An average high-density suburban householder will be paying $1 736 a month from January for basic services, while a family in the modest Mabelreign middle-density suburb will be hit by monthly bills of $4 558 under proposals announced by Harare City Council in its new budget.
Already, residents’ associations are attacking the proposals, which are still subject to objections, since council does not provide the services it wants to charge more for.
Water, sewer and refuse collection tariffs rocketed at the beginning of this month, but council now wants to push them even higher, even though costs should be stable, and also wants to shove up property taxes, rates, six-fold.
Under the budget proposals, high-density suburban residents will be charged $575 for the first five cubic metres of water a month, $565 a month for a once-a-week bin collection, a sewer charge of $250 for each toilet and a minimum property tax of $345.
The Malbereign family will pay the low-density tariffs of $765 for five cubic metres of water, $803 for a weekly bin collection, and $410 for each toilet. The property tax on a Mabelreign house will be around $2 580 a month, although this will be higher in most low-density suburbs with their larger houses and plots.
The business community has not been spared in the steep hike of fees, with the collection of bins in commercial and industrial areas depending on the frequency per week, daily collection will be $2 125, and three-times a week will be $1 782. The cost of hiring an ambulance will rise to $820, but clinic fees remain the same having been shoved up the equivalent of US$5 a visit already.
Council wants to push up its rents. In Glen Norah the semi-detached houses will be rented for $2 800 a month, terraced houses in Dzivaresekwa for $3 200 and four-roomed houses in Kuwadzana for $8 400.
Justifying the increases during a special council meeting at Town House yesterday while presenting the budget, Finance and Development committee councillor Tichaona Mhetu said the 2021 revenue budget is a responsive one.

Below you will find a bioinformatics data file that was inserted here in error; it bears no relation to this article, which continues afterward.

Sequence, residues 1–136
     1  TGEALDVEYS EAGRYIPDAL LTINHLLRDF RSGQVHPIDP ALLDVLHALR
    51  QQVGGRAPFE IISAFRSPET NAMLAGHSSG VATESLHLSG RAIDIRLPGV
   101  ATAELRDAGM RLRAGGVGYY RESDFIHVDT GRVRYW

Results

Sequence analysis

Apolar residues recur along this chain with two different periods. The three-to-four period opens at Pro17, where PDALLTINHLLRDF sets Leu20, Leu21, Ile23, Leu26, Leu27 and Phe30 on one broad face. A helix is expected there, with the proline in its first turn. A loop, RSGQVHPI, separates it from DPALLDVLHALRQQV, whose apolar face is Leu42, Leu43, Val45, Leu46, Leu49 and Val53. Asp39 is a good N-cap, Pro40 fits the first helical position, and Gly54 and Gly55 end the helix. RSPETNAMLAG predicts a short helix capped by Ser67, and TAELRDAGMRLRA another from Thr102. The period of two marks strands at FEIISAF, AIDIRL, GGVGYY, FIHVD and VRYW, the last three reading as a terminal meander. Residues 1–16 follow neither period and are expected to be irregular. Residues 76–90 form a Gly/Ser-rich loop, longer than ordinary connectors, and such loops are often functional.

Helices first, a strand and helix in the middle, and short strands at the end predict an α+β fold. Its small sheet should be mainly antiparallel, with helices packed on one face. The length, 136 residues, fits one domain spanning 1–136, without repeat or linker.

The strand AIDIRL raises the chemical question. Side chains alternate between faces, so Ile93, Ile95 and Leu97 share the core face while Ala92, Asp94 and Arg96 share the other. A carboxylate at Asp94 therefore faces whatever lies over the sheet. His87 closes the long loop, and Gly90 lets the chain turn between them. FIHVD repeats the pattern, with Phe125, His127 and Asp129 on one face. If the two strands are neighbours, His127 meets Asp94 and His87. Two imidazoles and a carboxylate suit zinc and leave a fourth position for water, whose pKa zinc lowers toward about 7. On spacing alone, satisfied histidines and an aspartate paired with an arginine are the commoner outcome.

“The justification for water tariff has been necessitated by a drastic increase in cost of inputs namely chemicals, cost of repairs, maintenance, capital charges on borrowed funds for capital works and electricity costs.
“Projected cost of producing one cubic metre of water in 2020 is $151 up from $99 in 2020,” he said.
On the $32,7 billion financial plan Harare has budgeted about $4,8 billion for water and sanitation.
Harare mayor Jacob Mafume said there was still room for amendments of the budget.
“We are grateful as a council. But it is not the final nail on the coffin. The budget will be advertised for 30 days before it is submitted to Government for approval.
“We will take the stakeholders’ comments very seriously. We do hope that through the budget we will be able to rejuvenate the city while moving towards attaining the smart city that we want,” he said.
The proposed budget has since started receiving backlash from residents.
Harare Residents Trust director Mr Precious Shumba said the rates increases are wild, unscientific and lack sincerity on the part of the City of Harare.
“Their desperation for revenues is unmatched by their level of service provision. They do not have a proper billing system,” he said.
“The proposed rates discount the socio-economic conditions of ratepayers. Most citizens are unemployed, and the Covid-19 outbreak makes their situation worse.”
Combined Harare Residents Association programmes manager Mr Reuben Akili said the budget was unacceptable and any policymaker with reasoning capacity could not agree to such.
“They need to address the fundamentals that are discouraging residents to pay their bills. Currently they have a non-functional billing system and their books where last audited in 2017,” he said.
Zimbabwe National Organisation of Associations and Residents Trust head Mr Shepherd Chikomba said they should provide service delivery first before these “exorbitant inhuman increases”.
“As residents we are tired of these hikes yet service delivery is not changing. We are getting water twice a week, why can’t they hike the rate at which residents can get running tape water they need to justify these figures. The percentage increase is just out of this world.
“We need quality service delivery assurance. We wonder if the council is going to deliver or they will come up with other excuses after these recent hikes. City of Harare has failed and it is for all to see,” he said.